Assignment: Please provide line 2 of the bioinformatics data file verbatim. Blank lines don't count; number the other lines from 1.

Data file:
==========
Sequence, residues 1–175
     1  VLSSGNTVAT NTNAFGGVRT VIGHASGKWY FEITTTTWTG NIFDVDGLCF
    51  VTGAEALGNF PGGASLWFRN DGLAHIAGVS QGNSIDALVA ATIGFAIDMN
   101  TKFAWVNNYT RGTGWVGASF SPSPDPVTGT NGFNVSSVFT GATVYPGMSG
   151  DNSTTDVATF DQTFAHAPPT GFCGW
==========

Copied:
     1  VLSSGNTVAT NTNAFGGVRT VIGHASGKWY FEITTTTWTG NIFDVDGLCF